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Baby, we got a bubble!?

For all the talk of foreign money, speculative investment etc. I think it’s really hard to see too much price deflation when money is so free. The government attempted to place an artificial lending barrier and that is working; however, they can and will remove these barriers if prices fall too much. A recession will help do the trick whenever that happens. Interest rate increases will help but they are tied to the other factors. Basically we need to deflate but a long period of stagnation works as well as a sharp correction.

Whatever the final outcome I just can’t get past the idea that no middleclass family should be servicing 500k in debt based on 2019 incomes. 500 k is a mind boggling amount of debt for regular people regardless of the short-term month-to-month carrying costs of that amount today
 
Any predictions as to where everyone sees the Toronto real estate market in 5 years?
 
Any predictions as to where everyone sees the Toronto real estate market in 5 years?
Lower, but no crash. You wouldn't think it from all then hype, and this includes Oz linked a few posts above, but more markets stabilize over time when overvalued than crash.

It's just that crashes get more attention. Think plane crashes. And yet it's by far the safest way to travel. In Toronto's case, the lack of housing will persist, especially rental, but the control will be tighter financing conditions, and people voting with their feet to buy elsewhere.
 
So, how long do we have to wait before we declare it a soft landing?

Prices peaked in July of 2017 with an index of 254.93, and then fell 7.4% to 236.07 in Dec. 2017. Since then in the last year and a half, they've increased at about the rate of inflation.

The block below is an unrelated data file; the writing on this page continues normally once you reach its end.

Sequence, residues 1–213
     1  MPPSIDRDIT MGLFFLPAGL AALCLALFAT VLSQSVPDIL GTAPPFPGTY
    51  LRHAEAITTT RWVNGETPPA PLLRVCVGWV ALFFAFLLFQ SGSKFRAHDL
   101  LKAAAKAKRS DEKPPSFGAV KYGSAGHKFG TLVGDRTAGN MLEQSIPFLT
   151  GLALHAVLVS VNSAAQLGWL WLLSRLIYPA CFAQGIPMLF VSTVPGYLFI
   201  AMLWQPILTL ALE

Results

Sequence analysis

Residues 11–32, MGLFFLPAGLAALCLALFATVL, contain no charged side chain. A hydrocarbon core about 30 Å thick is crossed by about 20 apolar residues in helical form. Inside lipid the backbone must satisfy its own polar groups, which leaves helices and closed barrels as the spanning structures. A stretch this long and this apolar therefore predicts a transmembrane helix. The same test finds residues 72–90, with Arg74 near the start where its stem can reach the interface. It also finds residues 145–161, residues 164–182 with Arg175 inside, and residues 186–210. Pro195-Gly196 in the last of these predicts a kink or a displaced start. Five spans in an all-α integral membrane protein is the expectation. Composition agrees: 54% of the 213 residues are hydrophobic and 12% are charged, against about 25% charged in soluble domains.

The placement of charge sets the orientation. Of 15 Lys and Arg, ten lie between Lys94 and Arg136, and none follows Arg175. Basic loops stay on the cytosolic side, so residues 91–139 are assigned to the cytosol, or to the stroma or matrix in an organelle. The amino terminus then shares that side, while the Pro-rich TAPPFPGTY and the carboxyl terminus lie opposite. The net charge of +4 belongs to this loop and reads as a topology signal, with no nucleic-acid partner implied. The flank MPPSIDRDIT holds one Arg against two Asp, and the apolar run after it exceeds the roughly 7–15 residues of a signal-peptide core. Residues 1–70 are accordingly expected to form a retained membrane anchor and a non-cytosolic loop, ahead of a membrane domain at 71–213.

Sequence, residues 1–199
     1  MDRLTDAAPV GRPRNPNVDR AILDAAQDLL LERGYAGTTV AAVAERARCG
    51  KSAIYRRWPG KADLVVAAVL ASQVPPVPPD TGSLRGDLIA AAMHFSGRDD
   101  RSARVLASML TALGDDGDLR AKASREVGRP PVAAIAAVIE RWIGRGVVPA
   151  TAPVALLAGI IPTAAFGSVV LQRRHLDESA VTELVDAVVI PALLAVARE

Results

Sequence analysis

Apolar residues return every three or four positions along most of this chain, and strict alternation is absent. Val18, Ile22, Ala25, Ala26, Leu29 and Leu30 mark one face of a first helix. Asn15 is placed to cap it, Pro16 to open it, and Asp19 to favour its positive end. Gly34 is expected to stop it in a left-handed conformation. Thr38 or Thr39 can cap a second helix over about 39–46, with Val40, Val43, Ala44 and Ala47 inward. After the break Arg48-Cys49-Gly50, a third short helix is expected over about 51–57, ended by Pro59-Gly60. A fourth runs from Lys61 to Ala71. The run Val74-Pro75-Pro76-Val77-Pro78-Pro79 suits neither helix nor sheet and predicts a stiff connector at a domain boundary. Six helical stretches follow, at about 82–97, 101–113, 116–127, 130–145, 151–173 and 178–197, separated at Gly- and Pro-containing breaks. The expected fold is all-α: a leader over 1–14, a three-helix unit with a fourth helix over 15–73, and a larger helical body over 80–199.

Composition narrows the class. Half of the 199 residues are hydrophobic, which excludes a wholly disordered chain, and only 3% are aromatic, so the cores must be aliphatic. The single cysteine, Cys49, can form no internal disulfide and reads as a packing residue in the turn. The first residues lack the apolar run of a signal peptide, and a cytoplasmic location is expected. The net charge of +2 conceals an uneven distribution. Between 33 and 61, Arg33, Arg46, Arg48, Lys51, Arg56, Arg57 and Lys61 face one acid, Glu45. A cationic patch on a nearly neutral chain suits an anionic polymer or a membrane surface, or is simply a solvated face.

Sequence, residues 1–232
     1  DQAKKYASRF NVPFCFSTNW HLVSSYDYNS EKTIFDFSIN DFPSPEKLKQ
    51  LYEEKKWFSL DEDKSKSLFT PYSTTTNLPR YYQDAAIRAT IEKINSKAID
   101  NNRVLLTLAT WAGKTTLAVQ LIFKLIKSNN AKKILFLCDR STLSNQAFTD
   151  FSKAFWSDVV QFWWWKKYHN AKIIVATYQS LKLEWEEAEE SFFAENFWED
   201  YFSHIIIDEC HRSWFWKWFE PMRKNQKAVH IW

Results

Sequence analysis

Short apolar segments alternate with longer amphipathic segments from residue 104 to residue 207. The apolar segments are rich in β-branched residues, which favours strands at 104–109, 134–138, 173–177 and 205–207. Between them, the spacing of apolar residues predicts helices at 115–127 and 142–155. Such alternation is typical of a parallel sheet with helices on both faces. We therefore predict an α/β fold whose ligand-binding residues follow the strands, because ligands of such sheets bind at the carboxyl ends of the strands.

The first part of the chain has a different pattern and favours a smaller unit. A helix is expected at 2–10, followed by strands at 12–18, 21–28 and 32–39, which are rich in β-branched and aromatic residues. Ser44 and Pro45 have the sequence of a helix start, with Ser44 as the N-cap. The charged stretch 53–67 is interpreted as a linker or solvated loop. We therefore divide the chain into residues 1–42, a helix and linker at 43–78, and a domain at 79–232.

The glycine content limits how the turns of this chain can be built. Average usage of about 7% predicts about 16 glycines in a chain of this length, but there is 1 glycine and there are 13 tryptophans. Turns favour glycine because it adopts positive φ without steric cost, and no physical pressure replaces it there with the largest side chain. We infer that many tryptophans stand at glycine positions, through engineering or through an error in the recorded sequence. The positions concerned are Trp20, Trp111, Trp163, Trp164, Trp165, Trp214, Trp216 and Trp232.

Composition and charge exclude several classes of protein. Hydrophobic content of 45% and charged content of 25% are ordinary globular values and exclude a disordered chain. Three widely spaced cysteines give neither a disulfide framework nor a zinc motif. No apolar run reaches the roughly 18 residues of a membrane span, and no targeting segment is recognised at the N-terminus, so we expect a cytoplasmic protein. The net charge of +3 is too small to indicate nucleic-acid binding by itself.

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In any case, in less than 6 months, this thread will be a full decade old! Prices in Toronto have settled at just over double what they were when this thread started.

Nov 2009: Index at 119.21
Apr 2019: Index at 244.56
 
Seems like it. 2017 was the peak right around when all of the policies came out (ie: stress test). This is a good thing. Double digit gains year over year is just not sustainable.

Vancouver/BC prices are tanking though.
 
So, it’s been almost 10 years since this thread was created. Within that time, i personally have bought a condo downtown, lived in it, rented it out (since I moved out of Ontario for work) and have sold the property since.

I’m considering getting back into the Toronto condo market with a 2 bed/2 bath unit that I can potentially rent out. I find that the cost per sq are a bit better with 2 bdrms.

Any further thoughts on the condo market in the GTA? The prices for and DOM for anything in Toronto still seems to be very strong and rental vacant rates are at an all time low. If you were me, would you try and get in the market?
 
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Any predictions as to where everyone sees the Toronto real estate market in 5 years?